The Grill with Many Uses
One of the latest in the vast family of George Foreman Grills is the Evolve: a grill that comes with a multitude of interchangeable plates (and more can be purchased separately). Different versions come with different configurations, depending on what store you buy them from; along with the traditional grill plate, you could get a waffle plate, a deep dish bake plate, a muffin pan or a slider plate.
It's a neat idea, being able to do so much with a countertop appliance, especially one that takes up a significant amount of space. But are you really going to pull out your countertop grill the next time you want to bake some muffins?
The Evolve's Performance
The grill itself is designed similarly to many of the other George Foreman grills. There's a lever that can switch the grill from being flat (for sandwiches or small pieces of food) to angled (for meat, so that fat can drain into the included drip tray). The hinges "float" to accommodate large pieces of food.
The controls are a bit mystifying. To turn the grill on, you have to set a timer and the temperature, both are digital, with up and down buttons to control. There appears to be no way to override the timer and just have the grill be "on" until you turn it off, which means you also have to factor in five minutes for the grill to warm up (The temperature display flashes until the grill is at temperature, and a soft beep also chimes when it's heated). Then again, when the timer reaches zero, it just beeps, and the grill remains on. Still, I found myself wishing that you could deactivate the timer, and also that the timer wouldn't begin its countdown until the grill has reached the right temperature. The display and controls are on top of the grill, so if you're using the grill open, you'll have to close the lid in order to use the controls.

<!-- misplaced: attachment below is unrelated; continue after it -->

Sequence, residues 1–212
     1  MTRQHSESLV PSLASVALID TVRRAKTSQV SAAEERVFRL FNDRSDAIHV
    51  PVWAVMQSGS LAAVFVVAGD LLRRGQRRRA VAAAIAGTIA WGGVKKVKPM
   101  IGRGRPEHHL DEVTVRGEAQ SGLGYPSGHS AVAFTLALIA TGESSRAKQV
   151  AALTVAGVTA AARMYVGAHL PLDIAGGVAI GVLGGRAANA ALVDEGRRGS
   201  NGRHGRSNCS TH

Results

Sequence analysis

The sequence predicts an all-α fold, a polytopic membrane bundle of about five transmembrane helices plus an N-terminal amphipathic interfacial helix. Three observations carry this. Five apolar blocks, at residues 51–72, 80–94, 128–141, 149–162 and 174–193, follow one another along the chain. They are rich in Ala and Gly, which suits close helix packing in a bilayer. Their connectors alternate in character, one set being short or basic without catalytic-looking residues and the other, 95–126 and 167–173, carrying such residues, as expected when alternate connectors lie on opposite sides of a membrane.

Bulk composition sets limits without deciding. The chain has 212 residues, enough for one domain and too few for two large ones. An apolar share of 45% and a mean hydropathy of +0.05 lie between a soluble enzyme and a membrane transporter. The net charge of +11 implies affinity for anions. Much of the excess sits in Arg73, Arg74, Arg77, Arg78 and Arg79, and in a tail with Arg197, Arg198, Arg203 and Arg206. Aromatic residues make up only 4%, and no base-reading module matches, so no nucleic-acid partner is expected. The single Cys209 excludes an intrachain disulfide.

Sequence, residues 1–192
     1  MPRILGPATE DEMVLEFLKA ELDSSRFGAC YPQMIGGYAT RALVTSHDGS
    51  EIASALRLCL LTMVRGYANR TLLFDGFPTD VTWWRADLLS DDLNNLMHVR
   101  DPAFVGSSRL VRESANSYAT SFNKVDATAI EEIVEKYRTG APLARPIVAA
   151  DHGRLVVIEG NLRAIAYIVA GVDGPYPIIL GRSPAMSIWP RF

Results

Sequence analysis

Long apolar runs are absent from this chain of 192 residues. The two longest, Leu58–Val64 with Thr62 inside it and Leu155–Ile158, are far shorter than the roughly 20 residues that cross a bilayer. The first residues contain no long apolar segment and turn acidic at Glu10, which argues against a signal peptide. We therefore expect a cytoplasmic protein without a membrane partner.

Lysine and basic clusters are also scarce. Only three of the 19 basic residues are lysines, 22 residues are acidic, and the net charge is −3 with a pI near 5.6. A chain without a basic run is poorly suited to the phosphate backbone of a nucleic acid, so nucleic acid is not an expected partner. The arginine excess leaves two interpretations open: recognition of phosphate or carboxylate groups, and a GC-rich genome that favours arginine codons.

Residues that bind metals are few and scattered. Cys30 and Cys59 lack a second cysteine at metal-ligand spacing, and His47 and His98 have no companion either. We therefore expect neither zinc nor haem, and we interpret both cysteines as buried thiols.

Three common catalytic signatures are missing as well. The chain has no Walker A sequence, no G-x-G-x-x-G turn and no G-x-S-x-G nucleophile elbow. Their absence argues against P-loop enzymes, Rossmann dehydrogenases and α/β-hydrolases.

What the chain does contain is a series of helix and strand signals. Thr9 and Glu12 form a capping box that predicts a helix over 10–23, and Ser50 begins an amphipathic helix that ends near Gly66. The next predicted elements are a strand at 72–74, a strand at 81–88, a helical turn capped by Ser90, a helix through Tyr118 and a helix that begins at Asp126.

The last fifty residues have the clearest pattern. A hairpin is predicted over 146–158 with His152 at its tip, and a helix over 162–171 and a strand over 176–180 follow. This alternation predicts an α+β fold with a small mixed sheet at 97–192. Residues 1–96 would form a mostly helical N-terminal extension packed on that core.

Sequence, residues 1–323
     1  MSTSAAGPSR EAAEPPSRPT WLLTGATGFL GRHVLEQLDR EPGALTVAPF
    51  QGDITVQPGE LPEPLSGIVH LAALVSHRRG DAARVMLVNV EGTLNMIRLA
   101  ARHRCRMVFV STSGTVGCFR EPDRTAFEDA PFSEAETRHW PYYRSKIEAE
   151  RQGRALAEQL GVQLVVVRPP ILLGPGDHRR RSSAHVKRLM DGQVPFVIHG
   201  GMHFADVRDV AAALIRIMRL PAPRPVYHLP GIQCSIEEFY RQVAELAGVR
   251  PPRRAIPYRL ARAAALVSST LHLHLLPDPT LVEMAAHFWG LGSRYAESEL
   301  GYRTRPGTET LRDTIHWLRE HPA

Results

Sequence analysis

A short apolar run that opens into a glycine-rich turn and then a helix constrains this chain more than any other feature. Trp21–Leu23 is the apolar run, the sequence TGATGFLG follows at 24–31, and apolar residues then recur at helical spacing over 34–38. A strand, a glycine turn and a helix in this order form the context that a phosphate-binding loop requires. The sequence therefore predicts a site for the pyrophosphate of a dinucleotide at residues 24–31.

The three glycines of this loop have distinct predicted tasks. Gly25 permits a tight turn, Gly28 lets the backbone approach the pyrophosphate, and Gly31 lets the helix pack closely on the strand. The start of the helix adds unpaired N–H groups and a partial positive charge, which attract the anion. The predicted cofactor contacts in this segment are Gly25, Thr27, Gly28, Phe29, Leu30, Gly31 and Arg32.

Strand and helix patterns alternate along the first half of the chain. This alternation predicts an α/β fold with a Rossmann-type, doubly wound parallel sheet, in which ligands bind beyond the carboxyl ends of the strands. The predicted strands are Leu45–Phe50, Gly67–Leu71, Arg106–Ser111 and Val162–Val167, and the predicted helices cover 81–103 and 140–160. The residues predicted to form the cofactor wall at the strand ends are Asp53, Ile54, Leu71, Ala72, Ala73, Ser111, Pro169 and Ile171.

Another complaint: the actual surface of the grill is not very large; about 11 by 8 inches (Other Foreman Grills, including the Stainless Steel model have larger cooking surfaces). If you're cooking for more than 2 people you might have to work in batches. And while the fat did indeed drain away while I was cooking a steak, the design of the grill plate also caused small pieces of onions and peppers to fall of the edge, since there was no rim to contain them.
I liked the grill marks of the special top "Crosshatch" grill, which gave pieces of food a picture-perfect criss-cross look. But later I discovered that while the bottom grill is a breeze to clean, that top half has lots of crevices that can trap grease, making it laborious to clean.
But complaints aside, I felt like the grill got plenty hot enough to nicely sear the food I was cooking, something that other countertop grills don't always accomplish. The grill was most effective when the lid was closed, so that food was cooked from both top and bottom.
It Bakes! And More!
Even though the idea of baking brownies or muffins in your grill might seem preposterous, it's not ill-advised: I baked brownies in the grill, and they turned out moist, with deliciously crunchy edges. The baking option would be great for a small apartment or for the summer months when turning on the oven can heat up the whole house.
On the George Foreman web site, you can buy a range of other plates, including a a deep dish baking pan, an omelet and snack plate set, a shallow griddle pan, a waffle plate set, and a cupcake or muffin pan set.
- One of the most versatile countertop grills on the market
- Tilting design can help drain fat from food
- Countdown timer is annoying
- Surface not very big
- Top crosshatch grill difficult to clean
- Grill can be adjusted for flat or angled cooking
- Removable, nonstick grill plates and accessory pans
- Digital time and temperature controls
- Floating hinge accommodates different thicknesses of food
- 2-year limited warranty